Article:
An antibody produced by the human body shielded unborn mice against Zika, a study said Monday, raising hopes for thwarting the virus known to cause brain damage in human foetuses.
The antibody neutralised all known Zika strains in lab experiments, and "markedly reduced" virus levels in infected pregnant mice and their foetuses.
"This is the first antiviral that has been shown to work in pregnancy to protect developing foetuses from Zika virus," said study co-author Michael Diamond of the Washington University School of Medicine.
"This is proof of principle that Zika virus during pregnancy is treatable and that we already have a human antibody that treats it, at least in mice."
Zika is spread mainly by mosquitoes, but in rare cases via sex.
In most people it is benign with mild or no symptoms. But in an outbreak that started in 2015, it has been linked to microcephaly in foetuses -- a condition which restricts head growth and causes brain damage.
More 2,300 babies, mainly in Brazil, have been born with microcephaly or other Zika-related central nervous system malformations since last year, according to the World Health Organization (WHO).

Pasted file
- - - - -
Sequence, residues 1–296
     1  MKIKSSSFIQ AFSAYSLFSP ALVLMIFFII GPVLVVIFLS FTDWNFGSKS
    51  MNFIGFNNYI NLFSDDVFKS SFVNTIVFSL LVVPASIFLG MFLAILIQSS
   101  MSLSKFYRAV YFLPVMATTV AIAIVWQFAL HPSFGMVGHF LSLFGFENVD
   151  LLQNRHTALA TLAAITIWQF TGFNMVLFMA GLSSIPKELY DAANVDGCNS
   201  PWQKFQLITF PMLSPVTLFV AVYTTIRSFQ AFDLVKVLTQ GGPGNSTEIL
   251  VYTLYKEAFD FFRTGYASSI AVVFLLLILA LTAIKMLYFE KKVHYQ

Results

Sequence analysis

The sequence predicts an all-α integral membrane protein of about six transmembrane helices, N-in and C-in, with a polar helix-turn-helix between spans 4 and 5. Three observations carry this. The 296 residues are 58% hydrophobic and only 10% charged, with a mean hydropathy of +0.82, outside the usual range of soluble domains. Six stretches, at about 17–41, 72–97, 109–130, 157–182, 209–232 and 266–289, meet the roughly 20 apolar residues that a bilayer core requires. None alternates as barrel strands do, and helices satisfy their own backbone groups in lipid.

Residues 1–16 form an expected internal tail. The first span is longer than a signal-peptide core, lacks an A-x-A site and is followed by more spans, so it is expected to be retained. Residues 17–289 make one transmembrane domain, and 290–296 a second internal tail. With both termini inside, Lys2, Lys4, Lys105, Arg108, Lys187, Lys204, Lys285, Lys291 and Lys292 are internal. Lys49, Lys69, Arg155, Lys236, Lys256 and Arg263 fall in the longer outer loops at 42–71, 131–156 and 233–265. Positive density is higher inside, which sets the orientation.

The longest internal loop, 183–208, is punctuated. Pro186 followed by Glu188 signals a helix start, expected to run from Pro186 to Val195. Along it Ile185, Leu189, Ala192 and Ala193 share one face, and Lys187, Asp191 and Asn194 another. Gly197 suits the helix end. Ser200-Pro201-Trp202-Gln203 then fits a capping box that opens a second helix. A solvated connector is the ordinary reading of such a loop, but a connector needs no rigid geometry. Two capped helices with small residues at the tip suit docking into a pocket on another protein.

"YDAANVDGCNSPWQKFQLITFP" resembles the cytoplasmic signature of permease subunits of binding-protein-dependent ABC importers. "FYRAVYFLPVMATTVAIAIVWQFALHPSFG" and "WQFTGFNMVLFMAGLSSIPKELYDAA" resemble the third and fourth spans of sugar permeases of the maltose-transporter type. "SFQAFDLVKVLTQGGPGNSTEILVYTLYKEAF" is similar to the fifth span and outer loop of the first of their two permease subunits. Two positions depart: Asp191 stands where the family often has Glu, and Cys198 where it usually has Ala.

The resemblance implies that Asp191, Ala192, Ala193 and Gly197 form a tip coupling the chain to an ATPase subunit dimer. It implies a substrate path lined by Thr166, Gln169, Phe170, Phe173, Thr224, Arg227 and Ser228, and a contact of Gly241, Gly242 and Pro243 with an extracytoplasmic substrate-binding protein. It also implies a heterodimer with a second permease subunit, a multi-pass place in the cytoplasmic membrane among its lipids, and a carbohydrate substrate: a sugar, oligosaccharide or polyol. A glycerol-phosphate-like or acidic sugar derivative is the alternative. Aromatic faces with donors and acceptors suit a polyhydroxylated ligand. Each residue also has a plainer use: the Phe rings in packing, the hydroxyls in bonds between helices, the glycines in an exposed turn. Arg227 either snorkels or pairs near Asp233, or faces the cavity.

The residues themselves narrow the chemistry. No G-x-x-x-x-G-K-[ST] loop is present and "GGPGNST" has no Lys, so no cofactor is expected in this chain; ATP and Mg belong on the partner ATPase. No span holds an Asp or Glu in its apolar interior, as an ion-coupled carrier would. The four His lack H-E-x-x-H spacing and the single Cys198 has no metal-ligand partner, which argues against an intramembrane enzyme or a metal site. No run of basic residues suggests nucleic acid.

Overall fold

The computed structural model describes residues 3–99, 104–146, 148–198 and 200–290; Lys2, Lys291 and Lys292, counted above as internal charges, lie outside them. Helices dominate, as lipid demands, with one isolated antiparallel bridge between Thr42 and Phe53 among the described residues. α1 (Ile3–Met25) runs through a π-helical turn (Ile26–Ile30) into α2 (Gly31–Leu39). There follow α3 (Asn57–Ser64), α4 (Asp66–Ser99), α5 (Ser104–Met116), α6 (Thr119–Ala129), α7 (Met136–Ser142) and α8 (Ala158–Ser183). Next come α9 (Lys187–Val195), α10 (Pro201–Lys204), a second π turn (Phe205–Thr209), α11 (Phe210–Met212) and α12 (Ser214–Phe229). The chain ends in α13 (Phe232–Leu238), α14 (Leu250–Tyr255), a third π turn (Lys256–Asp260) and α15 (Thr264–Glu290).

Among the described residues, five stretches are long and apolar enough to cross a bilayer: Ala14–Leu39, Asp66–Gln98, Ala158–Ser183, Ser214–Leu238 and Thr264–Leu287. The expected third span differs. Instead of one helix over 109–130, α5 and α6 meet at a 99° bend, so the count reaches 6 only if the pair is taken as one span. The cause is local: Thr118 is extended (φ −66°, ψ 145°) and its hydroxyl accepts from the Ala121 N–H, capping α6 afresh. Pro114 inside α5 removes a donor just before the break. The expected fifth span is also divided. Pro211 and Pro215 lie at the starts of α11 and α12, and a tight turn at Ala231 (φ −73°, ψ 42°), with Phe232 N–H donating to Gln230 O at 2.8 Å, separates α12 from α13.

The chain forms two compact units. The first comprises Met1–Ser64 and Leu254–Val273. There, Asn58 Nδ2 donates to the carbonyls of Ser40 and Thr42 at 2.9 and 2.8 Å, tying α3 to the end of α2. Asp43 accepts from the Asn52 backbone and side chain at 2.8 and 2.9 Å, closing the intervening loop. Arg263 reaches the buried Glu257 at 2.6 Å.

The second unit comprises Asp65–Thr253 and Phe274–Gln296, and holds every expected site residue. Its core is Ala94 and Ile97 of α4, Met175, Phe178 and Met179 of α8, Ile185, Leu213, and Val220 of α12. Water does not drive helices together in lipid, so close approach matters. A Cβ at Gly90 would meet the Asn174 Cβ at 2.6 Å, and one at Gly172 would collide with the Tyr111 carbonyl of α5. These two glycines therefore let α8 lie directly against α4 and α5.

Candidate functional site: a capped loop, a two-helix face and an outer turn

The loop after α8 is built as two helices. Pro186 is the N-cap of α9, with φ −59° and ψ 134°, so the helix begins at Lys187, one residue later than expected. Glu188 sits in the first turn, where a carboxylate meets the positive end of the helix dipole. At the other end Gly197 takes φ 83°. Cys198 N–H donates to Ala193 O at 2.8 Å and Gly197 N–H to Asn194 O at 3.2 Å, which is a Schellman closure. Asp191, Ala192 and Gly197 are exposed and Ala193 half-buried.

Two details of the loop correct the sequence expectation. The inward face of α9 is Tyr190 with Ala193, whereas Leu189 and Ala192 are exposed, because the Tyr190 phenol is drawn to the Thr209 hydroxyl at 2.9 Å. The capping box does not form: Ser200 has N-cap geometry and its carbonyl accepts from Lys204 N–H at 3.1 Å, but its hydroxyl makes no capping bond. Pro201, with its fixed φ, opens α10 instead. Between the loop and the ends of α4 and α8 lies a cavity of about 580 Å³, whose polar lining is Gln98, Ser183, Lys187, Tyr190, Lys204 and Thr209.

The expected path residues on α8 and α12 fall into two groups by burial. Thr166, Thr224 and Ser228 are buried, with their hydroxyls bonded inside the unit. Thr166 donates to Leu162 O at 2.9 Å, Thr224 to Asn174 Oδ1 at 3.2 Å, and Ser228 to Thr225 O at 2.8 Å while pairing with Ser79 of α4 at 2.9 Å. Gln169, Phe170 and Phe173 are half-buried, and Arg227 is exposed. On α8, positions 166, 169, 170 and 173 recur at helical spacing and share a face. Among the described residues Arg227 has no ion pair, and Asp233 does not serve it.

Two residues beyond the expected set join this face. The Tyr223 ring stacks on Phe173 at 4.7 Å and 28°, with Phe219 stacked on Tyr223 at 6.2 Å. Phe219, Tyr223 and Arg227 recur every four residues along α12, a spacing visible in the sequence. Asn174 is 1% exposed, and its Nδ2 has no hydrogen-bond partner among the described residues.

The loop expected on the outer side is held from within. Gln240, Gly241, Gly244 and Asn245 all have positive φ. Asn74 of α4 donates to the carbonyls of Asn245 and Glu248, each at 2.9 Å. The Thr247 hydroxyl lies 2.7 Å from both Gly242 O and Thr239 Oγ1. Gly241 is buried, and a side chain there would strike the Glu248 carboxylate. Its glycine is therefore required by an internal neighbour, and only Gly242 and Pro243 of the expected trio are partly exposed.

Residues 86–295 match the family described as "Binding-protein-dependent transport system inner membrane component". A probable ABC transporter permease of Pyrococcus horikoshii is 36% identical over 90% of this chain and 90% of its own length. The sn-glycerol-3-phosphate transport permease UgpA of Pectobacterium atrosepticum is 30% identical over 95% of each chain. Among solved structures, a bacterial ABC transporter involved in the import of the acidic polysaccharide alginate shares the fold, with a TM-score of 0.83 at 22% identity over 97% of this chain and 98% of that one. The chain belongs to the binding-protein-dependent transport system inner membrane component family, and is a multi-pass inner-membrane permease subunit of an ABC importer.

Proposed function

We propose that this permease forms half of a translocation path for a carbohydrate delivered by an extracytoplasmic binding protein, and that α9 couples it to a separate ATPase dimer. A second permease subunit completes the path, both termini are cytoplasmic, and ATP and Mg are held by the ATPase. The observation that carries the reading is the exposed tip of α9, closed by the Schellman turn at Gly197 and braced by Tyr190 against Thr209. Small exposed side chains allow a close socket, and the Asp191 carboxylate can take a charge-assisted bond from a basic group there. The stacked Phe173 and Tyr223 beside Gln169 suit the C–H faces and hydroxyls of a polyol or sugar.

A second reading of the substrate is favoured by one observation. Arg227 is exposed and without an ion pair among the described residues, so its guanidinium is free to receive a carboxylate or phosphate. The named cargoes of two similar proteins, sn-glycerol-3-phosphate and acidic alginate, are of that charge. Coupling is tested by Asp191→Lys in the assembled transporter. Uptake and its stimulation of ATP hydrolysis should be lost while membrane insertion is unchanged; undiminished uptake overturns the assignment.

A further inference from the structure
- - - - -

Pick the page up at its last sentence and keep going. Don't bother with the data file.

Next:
There is no cure or vaccine.
Diamond and a team trawled through antibody samples from people who had recovered from a Zika infection.
One called ZIKV-117, harvested from a single person, stood out for its anti-Zika action, the team reported in the journal Nature.
Antibodies are the footsoldiers in the body's defences.
They are Y-shaped proteins produced by the immune system in response to the presence of so-called antigens -- disease-causing pathogens.
Each type of antibody binds to a specific antigen, then inactivates it directly or tags it for destruction by other immune cells.
The researchers gave ZIKV-117 to pregnant mice who had been injected with Zika, and found their placentas remained normal and healthy compared to non-treated mice.
"Almost all foetuses were protected against infection and disease," Diamond told AFP.
In further tests, the antibody also protected adult male mice against a lethal dose of Zika virus.
It is not known whether most humans can naturally produce this exact antibody in response to infection, said Diamond. Even if they could, it would not be fast enough to protect an unborn baby -- hence the need for a booster.
The findings could help provide an interim shield against Zika transmission while scientists devise a vaccine against the virus, the paper said.
But first, tests have to be done in monkeys, whose pregnancies are much more similar to those of humans.
"It will be a while... before we feel confident enough to try this treatment on humans," cautioned Derek Gatherer of Lancaster University, in a comment on the study.